Robots continue to be a popular trend for assembly lines, but now it seems they're no longer confined to the traditional manufacturing industries. While the public is familiar with automated machines constructing large items like automobiles, modern robots can work with a variety of goods made in a multitude of sizes. Due the convenience and cost-efficiency of automation, more companies can bring innovative solutions into many parts of their enterprise. That includes production and warehouse management.
The Number Behind Robotic Proliferation
The Seattle Times shared results from a recent Deloitte and MHI survey of 900 logistics industry experts that found interest in robotic workers increased 12 percent between 2015 and 2016. The majority of company representatives said automated machines have the potential to disrupt existing best practices and give organizations a competitive advantage. Currently, robotic implementation sits at about 33 percent for the industries polled, but that number is projected to climb to 74 percent by 2016.
Many companies that once ignored robotic achievements - whether due to size or industry - adopt automated manufacturing and distribution machines into their daily settings. PricewaterhouseCoopers reported on data from the Robotics Industry Association that suggested manufacturing automation is now used for projects other than traditional assembly. In 2005, automotive clients accounted for 69 percent of robot orders in the U.S. By 2014, the number dropped to 56 percent. It's not that automotive orders have substantially declined, it's that more industries ask for automated machines.
Automated Machines in New Industries
Between 2005 and 2014, the use of robotic tools in the food and consumer good industries more than doubled. The Wall Street Journal detailed how a bakery in Switzerland implemented automated packaging tools to move freshly baked products while they were still hot. Not only do machines perform tasks that are too dangerous or harmful for human employees, but the consistency offered by automated devices and routines creates an easily maintained standard of quality. This is especially important for industries like food manufacturing and pharmaceuticals, which need meticulous data records to demonstrate safe production processes to government regulators.
As robots get smaller and offer flexible performance, they can move into more industries and business spaces. Inc. shared the story of the YuMi robot and how it works alongside human employees to help build consumer electronics. The YuMi machine can handle small and delicate mechanisms to perform precision work.
Businesses look for robots that can do a variety of tasks and that are easy to implement into existing facilities. Mobility is a key factor as more companies also utilize mobile data collection devices on factory floors to report progress by employees and manufacturing machines.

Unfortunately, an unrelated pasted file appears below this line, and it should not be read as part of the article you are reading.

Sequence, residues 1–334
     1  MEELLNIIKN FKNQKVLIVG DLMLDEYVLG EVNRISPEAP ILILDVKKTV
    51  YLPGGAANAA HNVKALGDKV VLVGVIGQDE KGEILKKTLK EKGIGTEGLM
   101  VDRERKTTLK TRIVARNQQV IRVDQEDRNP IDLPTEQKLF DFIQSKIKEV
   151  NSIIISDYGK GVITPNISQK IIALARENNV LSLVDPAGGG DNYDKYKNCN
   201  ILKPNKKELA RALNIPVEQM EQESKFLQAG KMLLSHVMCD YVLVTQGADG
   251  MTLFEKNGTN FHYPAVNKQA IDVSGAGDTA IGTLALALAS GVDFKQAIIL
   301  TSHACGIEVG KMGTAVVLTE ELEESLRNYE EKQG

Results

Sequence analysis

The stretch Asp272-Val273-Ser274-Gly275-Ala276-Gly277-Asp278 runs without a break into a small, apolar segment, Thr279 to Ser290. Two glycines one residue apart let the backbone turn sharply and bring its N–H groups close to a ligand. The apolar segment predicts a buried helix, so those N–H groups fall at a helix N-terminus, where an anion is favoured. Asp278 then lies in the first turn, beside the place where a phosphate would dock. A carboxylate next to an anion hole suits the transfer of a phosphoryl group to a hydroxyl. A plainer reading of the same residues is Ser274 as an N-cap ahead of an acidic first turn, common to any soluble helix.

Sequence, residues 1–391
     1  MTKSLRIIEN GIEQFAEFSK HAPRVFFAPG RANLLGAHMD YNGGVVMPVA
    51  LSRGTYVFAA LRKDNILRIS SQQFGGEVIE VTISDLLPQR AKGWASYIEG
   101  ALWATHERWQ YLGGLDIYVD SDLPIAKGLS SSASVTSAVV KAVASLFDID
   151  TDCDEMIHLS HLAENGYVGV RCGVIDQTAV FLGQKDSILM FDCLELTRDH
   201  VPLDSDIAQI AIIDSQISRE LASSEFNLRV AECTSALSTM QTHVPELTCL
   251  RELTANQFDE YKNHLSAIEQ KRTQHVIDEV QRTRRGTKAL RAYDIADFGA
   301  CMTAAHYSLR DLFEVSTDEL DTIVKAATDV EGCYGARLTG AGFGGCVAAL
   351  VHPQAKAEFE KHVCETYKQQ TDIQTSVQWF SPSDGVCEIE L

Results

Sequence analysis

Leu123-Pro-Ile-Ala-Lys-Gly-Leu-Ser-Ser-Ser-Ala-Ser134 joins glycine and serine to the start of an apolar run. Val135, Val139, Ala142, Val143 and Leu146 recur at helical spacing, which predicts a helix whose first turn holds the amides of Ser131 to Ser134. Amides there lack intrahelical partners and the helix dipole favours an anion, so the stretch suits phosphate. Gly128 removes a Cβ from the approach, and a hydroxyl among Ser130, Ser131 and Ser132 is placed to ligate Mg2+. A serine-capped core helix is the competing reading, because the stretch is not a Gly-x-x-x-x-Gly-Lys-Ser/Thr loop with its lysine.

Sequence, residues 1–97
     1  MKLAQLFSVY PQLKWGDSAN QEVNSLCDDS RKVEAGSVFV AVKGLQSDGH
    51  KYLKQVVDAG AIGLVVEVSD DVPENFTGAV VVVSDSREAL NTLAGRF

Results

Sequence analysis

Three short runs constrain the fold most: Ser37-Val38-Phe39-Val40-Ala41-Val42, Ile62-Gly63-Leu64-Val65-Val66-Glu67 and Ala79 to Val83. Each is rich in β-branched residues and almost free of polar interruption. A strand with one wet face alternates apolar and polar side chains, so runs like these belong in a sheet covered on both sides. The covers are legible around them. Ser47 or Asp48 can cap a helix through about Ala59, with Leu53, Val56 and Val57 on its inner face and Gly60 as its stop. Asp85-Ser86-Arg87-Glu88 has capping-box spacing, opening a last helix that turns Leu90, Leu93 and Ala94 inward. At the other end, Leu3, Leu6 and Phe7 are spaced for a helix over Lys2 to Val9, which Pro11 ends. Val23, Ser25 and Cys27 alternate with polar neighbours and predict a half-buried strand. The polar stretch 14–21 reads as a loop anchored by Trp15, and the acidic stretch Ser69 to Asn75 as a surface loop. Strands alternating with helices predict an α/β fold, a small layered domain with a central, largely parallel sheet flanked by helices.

Robots Working in Warehouses
A PricewaterhouseCooper survey found manufacturing and machining were the primary jobs performed by robots in 2014. At the time, warehousing and performing dangerous tasks were the least represented duties, but that should change as warehouse management devices become more cost-efficient and practical.
Supply chains may consider using robots for particular tasks, especially ones that prove dangerous for human employees. According to Materials Handling and Logistics, businesses bring flying drones into operations to grab inventory that's too high to reach easily. Drones with automated programming can navigate tight spaces and pick items off of top shelves as easily as any other.
Instead of just using robots to pick one item at a time, ItWorld detailed how an automated machine team can grab items and carry orders to their appropriate warehouse location. Fetch and Freight are two robots that work together. Fetch picks items off of shelves and hands them off to Freight, which rolls around a space with a bin for collecting a variety of goods. There is no lack of supply chain innovations being pitched, so companies should expect to use robots in more inventory management positions.
Machines Cut Out the Middleman
One more interesting bit of news for supply chain logistics management for many industries is robots allowing consumers to perform manufacturing tasks at home. For example, Wired shared the story of an automated machine that can brew beer in the middle of a customer's kitchen. An individual just has to fill the machine with the right ingredients and program certain recipes, then the robot does all the work.
Companies may have to reexamine distribution processes to see if they want to push manufacturing supplies straight to customers using robots to bypass the production line.